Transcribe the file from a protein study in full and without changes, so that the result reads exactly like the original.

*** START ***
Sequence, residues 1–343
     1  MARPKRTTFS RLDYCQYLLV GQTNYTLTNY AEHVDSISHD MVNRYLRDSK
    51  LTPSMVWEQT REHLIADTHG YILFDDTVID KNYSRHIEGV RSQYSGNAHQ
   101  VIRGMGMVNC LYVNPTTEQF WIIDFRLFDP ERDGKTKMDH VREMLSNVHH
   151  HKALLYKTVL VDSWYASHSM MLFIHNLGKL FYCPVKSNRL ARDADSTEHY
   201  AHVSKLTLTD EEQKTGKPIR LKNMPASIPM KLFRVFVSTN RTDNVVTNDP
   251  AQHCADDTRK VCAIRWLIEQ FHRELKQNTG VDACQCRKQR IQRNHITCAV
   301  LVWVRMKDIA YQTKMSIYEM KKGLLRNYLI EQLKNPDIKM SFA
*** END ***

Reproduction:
Sequence, residues 1–343
     1  MARPKRTTFS RLDYCQYLLV GQTNYTLTNY AEHVDSISHD MVNRYLRDSK
    51  LTPSMVWEQT REHLIADTHG YILFDDTVID KNYSRHIEGV RSQYSGNAHQ
   101  VIRGMGMVNC LYVNPTTEQF WIIDFRLFDP ERDGKTKMDH VREMLSNVHH
   151  HKALLYKTVL VDSWYASHSM MLFIHNLGKL FYCPVKSNRL ARDADSTEHY
   201  AHVSKLTLTD EEQKTGKPIR LKNMPASIPM KLFRVFVSTN RTDNVVTNDP
   251  AQHCADDTRK VCAIRWLIEQ FHRELKQNTG VDACQCRKQR IQRNHITCAV
   301  LVWVRMKDIA YQTKMSIYEM KKGLLRNYLI EQLKNPDIKM SFA